Originally titled in Greek Mathematike syntaxis ("Mathematical Composition"), commonly called Megale syntaxis "Great Composition" (Greek megale is the fem. of megas); Arab translators in their admiration altered this. Extended in Middle English to other works on astrology or astronomy,

mid-15c., originally in astrology and astronomy in the phrase quartile aspect in reference to celestial bodies when 90 degrees apart in longitude; see quartile (adj.). In statistics, from 1879.

"of, pertaining to, or of the nature of mathematics," early 15c., from Medieval Latin mathematicus "of or belonging to mathematics," from Latin mathematica (see mathematic) + -al (1). Also, by 1765, "pertaining to the quadrivium," comprising arithmetic, geometry, astronomy, and music. It also could include optics. Related: Mathematically.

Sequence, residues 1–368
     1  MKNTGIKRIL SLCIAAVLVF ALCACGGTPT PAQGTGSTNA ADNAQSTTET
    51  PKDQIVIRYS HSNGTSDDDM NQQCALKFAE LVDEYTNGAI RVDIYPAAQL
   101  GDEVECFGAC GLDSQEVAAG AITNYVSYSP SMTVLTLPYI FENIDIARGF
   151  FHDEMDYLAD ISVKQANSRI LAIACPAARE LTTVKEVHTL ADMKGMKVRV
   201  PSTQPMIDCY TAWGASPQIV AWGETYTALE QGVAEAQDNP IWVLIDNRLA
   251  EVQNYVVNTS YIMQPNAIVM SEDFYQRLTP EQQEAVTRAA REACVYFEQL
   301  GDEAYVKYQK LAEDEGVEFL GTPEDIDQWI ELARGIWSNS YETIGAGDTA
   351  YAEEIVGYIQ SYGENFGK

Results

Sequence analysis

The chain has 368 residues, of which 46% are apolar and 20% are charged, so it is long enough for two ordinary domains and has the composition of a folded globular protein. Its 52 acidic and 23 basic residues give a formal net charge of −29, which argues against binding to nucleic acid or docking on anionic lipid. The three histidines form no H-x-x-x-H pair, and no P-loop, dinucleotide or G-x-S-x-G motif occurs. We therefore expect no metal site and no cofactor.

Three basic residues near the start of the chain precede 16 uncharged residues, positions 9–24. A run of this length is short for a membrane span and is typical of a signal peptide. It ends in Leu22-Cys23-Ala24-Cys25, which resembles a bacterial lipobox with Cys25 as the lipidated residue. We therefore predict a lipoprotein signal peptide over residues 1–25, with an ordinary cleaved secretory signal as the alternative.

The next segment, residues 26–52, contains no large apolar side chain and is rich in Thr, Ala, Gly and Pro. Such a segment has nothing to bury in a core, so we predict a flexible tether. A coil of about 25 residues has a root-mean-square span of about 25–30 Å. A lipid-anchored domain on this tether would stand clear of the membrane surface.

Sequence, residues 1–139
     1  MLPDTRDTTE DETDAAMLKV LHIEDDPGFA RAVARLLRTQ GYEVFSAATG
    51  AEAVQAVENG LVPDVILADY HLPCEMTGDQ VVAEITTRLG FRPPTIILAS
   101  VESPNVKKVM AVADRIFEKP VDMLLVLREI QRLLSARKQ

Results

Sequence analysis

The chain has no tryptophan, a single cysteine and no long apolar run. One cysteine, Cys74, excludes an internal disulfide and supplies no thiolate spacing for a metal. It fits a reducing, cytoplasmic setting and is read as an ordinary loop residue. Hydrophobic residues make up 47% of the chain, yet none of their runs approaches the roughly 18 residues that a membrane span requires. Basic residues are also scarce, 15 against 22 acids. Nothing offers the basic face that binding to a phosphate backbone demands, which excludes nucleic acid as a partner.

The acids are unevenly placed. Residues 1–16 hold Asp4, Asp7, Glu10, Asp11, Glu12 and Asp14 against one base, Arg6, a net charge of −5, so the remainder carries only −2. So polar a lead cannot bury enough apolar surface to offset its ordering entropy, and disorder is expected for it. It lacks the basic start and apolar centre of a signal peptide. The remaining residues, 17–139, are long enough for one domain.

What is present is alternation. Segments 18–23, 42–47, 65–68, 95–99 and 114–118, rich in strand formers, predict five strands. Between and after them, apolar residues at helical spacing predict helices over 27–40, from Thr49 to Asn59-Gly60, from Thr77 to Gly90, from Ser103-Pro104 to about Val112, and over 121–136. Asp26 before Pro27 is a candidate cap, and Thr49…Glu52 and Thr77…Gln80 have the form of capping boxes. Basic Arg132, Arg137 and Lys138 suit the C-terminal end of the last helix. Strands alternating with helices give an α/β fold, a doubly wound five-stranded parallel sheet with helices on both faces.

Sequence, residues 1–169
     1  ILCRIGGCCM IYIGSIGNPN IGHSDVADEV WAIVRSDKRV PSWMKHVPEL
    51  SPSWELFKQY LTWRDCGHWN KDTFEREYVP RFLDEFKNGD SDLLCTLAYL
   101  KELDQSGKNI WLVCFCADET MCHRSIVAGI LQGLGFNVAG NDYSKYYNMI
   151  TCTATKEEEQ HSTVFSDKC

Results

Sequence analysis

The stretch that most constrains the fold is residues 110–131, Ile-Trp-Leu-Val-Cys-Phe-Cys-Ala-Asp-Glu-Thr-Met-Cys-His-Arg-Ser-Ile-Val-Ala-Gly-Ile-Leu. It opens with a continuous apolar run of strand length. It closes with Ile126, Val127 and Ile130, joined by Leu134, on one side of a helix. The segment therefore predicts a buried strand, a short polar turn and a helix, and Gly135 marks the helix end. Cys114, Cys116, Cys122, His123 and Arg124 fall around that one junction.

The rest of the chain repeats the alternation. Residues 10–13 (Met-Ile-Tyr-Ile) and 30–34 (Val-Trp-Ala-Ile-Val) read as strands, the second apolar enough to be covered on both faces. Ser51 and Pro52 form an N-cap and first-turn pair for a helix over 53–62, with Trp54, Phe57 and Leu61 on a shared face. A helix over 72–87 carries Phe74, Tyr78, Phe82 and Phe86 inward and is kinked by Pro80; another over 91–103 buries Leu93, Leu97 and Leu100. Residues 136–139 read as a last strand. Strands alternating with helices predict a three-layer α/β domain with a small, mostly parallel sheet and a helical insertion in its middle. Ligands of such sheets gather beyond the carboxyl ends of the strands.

The four mathematical arts are arithmetic, geometry, music, and astronomy; these anciently were termed the quadrivium, or fourfold way of knowledge. [Sir John Hawkins, "A General History of the Science and Practice of Music," Sir John Hawkins, 1776]

in optics, "point or object from which light radiates," 1714; see radiant (adj.). In astronomy, of meteor showers, "the point in the heavens from which the shooting stars seem to proceed," by 1834, in reference to the great shower of the previous November.